If we are going to start talking to Mullah Omar and the Taliban leadership, we need to start doing so now—not in the expectation that this will lead to an early settlement but in the knowledge derived from all previous experiences that such negotiations typically last for years before reaching a conclusion. It will take some time for positions to become clear and requisite levels of trust to be created. In such negotiations intermediaries are also typically required—which, under the circumstances, can only be Pakistan. American and NATO troops should fight on to defend their existing positions and buy time for the Afghan army to develop, but attacks on Taliban commanders and drone strikes in Pakistan should be drastically scaled back. Above all, there should be no extension of these attacks to new areas of Pakistan in an effort to kill Mullah Omar and other elements of the Taliban leadership, since one cardinal principle of negotiations is that you cannot try to kill the person with whom you are negotiating.
Of course, this approach may not work. The Taliban may prove too fanatical and ambitious, and it may prove impossible to persuade three other key players to accept such a settlement. These include Hamid Karzai, who would have to step down to make way for a neutral Afghan leader (unless, of course, negotiations drag on till 2014, when he is due to leave office); the commanders of the Afghan National Army, who would have to accept a purely token military presence in most Pashtun areas; and the US Army, which would have to accept something well short of victory. And regarding this third element, let us face facts: the US military command has great political power in Washington, which will constrain the options of both Democrats and Republicans on Afghanistan and other issues.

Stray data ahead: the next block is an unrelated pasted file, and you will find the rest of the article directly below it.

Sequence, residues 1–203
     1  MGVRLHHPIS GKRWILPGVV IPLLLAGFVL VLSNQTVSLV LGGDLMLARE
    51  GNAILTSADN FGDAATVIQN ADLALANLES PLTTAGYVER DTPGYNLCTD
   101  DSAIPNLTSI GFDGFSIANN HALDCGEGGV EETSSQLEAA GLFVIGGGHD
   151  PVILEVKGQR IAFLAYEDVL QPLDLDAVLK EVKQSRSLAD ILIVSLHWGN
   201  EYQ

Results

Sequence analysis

However, something short of victory does not have to mean open defeat and humiliation, in the style of Saigon in 1975. If this can be avoided, then other scenarios can be presented as at least qualified US successes, above all if they involve Taliban commitments against terrorism and heroin. Intelligent and candid US commanders already know that they cannot “win” in any traditional sense; but they are determined not to lose—and rightly so. Americans should not wish their armed forces to be led by quitters. The trick will be in the public presentation of any settlement.
Behind all these questions lies once again the issue of Pakistan’s role, Pakistan’s future and the US role in that future. Since our options for coercing Pakistan are so limited—at least, without actions that would risk destroying Pakistan and involving us in far worse disasters—we should try to make the best of an admittedly very difficult situation and seek Pakistan’s help in finding a settlement to the Afghanistan conflict.